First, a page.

I am a fan and collector of movies and a music-lover. It’s a natural combination, because a movie without music is difficult for me to imagine. Movie music includes not only songs that may be sung as part of the movie, but also background or theme music.
Without question, my favorite movie music composer was Henry Mancini (1924-1994). Mancini had a wonderful knack for creating music that matched the theme of the movie -- the tone, the emotions, the action, the “feeling” of a movie. Many of his more famous movie pieces became great favorites of mine. Hearing one of those pieces can still evoke a specific memory or a strong emotion within me.
Often, a certain movie music piece will remind me of the movie for which it was written (or in which it played a key role). Even more often, a specific Mancini piece will bring back emotions and memories not related to the movie. Perhaps the best example of this is “Moon River.” This composition was the theme of the movie “Breakfast at Tiffany’s.” I recall only a little about that movie, but the music – well that’s a different story.
“Moon River” was written in 1961, the year I graduated from high school. It was written specifically for the movie and more specifically for Audrey Hepburn, who starred in the movie and sang the song in it. She was struck by Mancini’s music, too, as witnessed by this letter she wrote to Mancini:
I have just seen our picture - BREAKFAST AT TIFFANY'S - this time with your score. A movie without music is a little bit like an aeroplane without fuel. However beautifully the job is done, we are still on the ground and in a world of reality. Your music has lifted us all up and sent us soaring. Everything we cannot say with words or show with action you have expressed for us. You have done this with so much imagination, fun and beauty. You are the hippest of cats - and the most sensitive of composers!
Thank you, dear Hank.
Lots of love, Audrey
[See this site for more info.]
Two years after the song and movie were introduced to the world, I was in college, and that summer, I took a class at a geology camp near Canon City, Colorado. When our field work was completed each day, we returned to a café/bar in town to relax. The café jukebox naturally had the popular music of the day available, and “Moon River” was one of the choices. In fact, we played it every day, usually several times each day, for the four weeks we were there. Even today, I cannot hear even the opening bars of that song without remembering that café, geology camp, and the emotions I felt at that time of my life. Since I was seriously missing my girlfriend Sue back in Oklahoma (whom I married six months later), I certainly had some strong emotions when listening to “Moon River.” When I hear that music, I feel an odd combination of emotions: calm, peace, anticipation, excitement, sadness, and happiness. Now, how do a few musical tones evoke such a wide variety of feelings inside my brain? It is a most interesting mystery.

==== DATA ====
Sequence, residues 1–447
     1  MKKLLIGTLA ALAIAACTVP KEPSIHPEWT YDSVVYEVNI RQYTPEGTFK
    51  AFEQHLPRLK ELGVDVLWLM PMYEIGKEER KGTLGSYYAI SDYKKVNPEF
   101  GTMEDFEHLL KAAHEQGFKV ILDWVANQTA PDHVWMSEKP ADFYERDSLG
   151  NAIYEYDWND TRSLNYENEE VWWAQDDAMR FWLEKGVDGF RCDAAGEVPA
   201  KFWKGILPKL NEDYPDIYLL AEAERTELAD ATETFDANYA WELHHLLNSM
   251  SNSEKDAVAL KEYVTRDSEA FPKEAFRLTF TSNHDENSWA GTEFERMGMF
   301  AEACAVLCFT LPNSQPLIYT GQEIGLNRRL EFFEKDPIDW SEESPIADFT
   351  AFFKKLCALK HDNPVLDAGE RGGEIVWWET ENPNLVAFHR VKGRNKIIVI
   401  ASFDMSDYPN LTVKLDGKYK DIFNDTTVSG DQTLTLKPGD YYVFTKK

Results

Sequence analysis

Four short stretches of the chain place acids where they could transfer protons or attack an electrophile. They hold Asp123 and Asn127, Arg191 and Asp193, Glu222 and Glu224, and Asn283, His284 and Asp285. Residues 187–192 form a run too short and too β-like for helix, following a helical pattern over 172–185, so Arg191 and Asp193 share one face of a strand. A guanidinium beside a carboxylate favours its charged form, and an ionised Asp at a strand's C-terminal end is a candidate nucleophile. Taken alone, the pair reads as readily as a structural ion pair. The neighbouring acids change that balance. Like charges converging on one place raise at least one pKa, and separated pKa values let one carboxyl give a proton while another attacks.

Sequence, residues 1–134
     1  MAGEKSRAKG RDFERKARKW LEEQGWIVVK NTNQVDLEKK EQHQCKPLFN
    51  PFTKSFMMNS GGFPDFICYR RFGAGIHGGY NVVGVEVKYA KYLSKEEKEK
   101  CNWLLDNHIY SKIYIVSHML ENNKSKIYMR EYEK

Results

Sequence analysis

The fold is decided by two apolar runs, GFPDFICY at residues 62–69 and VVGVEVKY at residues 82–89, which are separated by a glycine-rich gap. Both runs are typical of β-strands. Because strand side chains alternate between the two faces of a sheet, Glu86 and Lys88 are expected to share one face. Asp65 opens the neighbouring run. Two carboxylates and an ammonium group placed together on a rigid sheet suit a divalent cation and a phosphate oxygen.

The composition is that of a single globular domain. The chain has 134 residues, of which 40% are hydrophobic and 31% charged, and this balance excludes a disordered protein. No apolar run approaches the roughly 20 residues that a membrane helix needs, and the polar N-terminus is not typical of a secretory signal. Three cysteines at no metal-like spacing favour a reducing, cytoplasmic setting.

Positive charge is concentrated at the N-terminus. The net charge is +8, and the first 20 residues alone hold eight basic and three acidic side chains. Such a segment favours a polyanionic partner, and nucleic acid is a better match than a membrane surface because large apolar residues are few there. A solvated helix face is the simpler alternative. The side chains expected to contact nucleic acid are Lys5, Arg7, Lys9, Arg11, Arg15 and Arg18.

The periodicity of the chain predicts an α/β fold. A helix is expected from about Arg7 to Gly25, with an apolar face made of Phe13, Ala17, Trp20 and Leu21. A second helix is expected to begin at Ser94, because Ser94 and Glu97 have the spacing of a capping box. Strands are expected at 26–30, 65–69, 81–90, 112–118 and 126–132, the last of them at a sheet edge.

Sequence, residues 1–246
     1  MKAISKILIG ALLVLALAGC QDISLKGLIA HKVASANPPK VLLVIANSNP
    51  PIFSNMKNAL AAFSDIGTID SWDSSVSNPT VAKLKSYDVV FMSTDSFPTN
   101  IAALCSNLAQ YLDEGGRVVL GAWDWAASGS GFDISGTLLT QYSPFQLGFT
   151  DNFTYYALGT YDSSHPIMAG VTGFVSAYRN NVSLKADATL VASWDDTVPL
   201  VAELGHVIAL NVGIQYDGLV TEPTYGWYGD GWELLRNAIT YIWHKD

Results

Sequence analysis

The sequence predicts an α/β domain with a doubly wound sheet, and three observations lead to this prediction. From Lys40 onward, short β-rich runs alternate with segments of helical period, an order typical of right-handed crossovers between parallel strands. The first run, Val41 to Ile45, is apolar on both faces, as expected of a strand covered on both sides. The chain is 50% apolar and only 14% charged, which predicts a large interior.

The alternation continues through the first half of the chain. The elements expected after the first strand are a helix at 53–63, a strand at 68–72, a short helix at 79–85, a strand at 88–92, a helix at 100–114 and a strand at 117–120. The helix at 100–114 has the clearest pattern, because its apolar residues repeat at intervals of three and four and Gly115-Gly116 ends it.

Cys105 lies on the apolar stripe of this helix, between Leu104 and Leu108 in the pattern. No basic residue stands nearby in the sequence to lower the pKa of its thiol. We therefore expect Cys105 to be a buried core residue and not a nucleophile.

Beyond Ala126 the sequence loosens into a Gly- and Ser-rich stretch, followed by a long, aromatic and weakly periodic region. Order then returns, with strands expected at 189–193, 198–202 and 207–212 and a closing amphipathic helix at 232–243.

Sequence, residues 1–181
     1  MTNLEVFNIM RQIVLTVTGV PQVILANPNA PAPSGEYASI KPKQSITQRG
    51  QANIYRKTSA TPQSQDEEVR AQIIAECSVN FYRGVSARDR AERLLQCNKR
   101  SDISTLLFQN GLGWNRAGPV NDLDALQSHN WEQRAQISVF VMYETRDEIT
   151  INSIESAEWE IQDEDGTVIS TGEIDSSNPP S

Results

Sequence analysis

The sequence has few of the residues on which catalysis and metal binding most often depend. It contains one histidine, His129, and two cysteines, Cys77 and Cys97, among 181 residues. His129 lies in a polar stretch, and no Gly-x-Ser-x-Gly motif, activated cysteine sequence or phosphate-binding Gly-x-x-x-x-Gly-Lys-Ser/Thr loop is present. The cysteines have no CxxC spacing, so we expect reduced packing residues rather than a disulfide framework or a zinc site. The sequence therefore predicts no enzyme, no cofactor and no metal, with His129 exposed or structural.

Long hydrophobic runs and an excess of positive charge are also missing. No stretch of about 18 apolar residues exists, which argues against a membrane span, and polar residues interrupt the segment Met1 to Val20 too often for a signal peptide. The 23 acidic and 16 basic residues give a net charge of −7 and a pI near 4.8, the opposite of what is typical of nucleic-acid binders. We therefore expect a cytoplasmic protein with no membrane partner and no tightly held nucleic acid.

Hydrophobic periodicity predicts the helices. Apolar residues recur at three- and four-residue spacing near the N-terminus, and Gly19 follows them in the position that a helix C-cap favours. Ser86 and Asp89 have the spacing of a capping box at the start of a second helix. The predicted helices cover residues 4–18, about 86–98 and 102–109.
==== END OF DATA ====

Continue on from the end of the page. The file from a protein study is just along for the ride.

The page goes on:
On the Internet Movie Database website (IMDB), Mancini is listed with music credits of 493 instances, for movies, TV shows, and cartoons. His credits are dated 1953 through 2006. A large number of these are for the famous Pink Panther theme. Is there hardly anyone in the world who doesn’t recognize the Pink Panther Theme? Some of the credits really surprise me: Abbott and Costello movies; music in the “Glenn Miller Story” and the “Benny Goodman Story” movies; Ma and Pa Kettle movies; a Francis the Talking Mule movie; and several science fiction and thriller movies. Of course, I knew he wrote the theme for the Peter Gunn TV series, “Breakfast at Tiffany’s,” “Hatari!,” and “Days of Wine and Roses.” I did not realize he wrote the music for “Operation Petticoat,” “Charade,” “The Great Race,” the Colombo TV series, The Thornbirds TV miniseries, the Hotel TV series, “Santa Claus: The Movie,” “Blind Date,” “The Glass Menagerie,” “Victor/Victoria,” and “Switch.”
One of the above-listed movies – “Hatari!” – is a favorite of mine, a John Wayne movie set in Africa. It included Mancini’s famous Baby Elephant Walk. I watch that movie a couple of times a year, at least, and I know that Mancini’s music is one of the key reasons I continue to enjoy it.
Some other movie music composers who always attract my attention: John Williams (the Star Wars movies; Harry Potter movies; Indiana Jones movies; Jurassic Park movies; Jaws movies; Superman movies; “E. T.;” “Close Encounters of the Third Kind;” “The Cowboys;” “Midway;” and a wide variety of TV show themes from 1952 through 2004); Danny Elfman (movies and TV from 1980 through 2006, including: “Beetle Juice;” “Ghostbusters;” the Tales from the Crypt TV series; “Batman;” The Simpsons TV cartoon series; “Mission: Impossible” movies; “Men in Black” movies; “Spiderman” movie; “Chicago” movie; “Charlie and the Chocolate Factory” movie; and Desperate Housewives TV series); and John Barry (“Dances With Wolves;” “Out of Africa;” “High Road to China;” “Somewhere in Time;” and many James Bond movies). These are just a few examples of their fantastic contributions.
Even in the days before “talkies,” movies were usually accompanied by music played live in the theater, to heighten the excitement, add a romantic mood, or highlight the slapstick comedy. I cannot imagine truly enjoying a movie without accompanying music. For me, some of the best movies ever made were the musicals and musical-comedies, primarily in the 1940’s, 1950’s, and 1960’s, because of the fabulous music frequently written specifically for those movies.
This, of course, is a topic about which much has been written and much more will be written, by better writers than me. I just wanted to document some of my thoughts about the subject.